From the Zhirinovky’s speech it could be understood that due to the legacy of the two Russo-Chechen wars of 1994-1996 and 1999-2009, there is a fear that Chechens, Ingush, and Dagestanis are preparing their children for a new war. My research conducted with the Chechens in 2014-2017 targeted this concern by answering the questions: What are the main reasons of the Chechen high birth rates? Is Chechen population growth connected to the recent wars in the region? If yes, what kind of connection it is?

“To survive and to be strong”

The research supported the idea that the link between demography and the existential threat indeed exists. However, “the preparation” for the next war for the Chechens means rather increasing a defensive capacity or the possibility of nation’s survival by strengthening the nation numerically. It was this reason that encouraged the Chechens to opt for larger families even during the war - opposite to what it could be anticipated. Indeed, the average birth rate during the harshest phase of the second war (see Table 2) remained similar to the pre-war situation. The declined intensity of the warfare immediately increased the birth rates almost twice.

The most common explanation of this phenomenon by my interviewees is summarised in the following narrative. “We are constantly at war with Russia. We would have died out if we did not have large families. And this is the main reason. We need large families, so our nation would be strong, so no one would dare to attack us. Furthermore, the bigger the nation is – the better. If we have more people, it means that we have more chances to have good academics, musicians, writers, etc. The bigger the nation, the more chances that it will flourish. I want my nation to be strong and therefore I want many children.”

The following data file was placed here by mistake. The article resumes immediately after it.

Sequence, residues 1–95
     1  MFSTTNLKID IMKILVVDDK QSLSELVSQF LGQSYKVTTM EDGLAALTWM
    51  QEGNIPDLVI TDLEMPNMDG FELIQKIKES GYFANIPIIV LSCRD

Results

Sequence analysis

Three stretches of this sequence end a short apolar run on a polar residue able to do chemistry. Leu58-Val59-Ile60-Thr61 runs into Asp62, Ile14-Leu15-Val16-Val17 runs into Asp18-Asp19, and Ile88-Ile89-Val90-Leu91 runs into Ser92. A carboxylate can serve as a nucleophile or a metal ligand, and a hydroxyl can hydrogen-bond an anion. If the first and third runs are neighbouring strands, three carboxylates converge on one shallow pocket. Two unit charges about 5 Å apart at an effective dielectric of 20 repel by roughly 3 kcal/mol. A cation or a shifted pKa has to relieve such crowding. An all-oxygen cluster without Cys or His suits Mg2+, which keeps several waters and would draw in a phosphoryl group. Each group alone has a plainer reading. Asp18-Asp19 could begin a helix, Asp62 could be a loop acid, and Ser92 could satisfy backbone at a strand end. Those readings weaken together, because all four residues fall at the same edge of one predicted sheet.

The connection between the war and birth rates that my interviewees were talking about was not always related to patriotism, as expressed in the previous quote. Some of my respondents would state the reason of passing the family name further. The chances of this possibility in war are at stake. “I was already over thirty when the war began, and I was thinking and talking to myself… And what happens if I die? There won’t be anyone even to pass the family name to… It does not seem right to me.”

The patriotism of the Chechen males was shared by my female respondents too. They were also conscious about the considerably small size of the Chechen nation and wanted it to be stronger. However, the interview with one of Chechen females revealed that other factors play an important role too. The interviewee had a close contact with other Chechen women refugees and transmitted one of the conversations that she had with them. This conversation demonstrated the strong desire to have large families, but it did not clearly articulate the source of such desire. “One woman told me: ‘The social workers here do not want us to give births to children. They try to ‘educate’ us. They suggest us to use contraceptives, but we want to have many children’… I asked her why? And she said to me: ‘What a strange question… Aren’t you a Chechen woman?’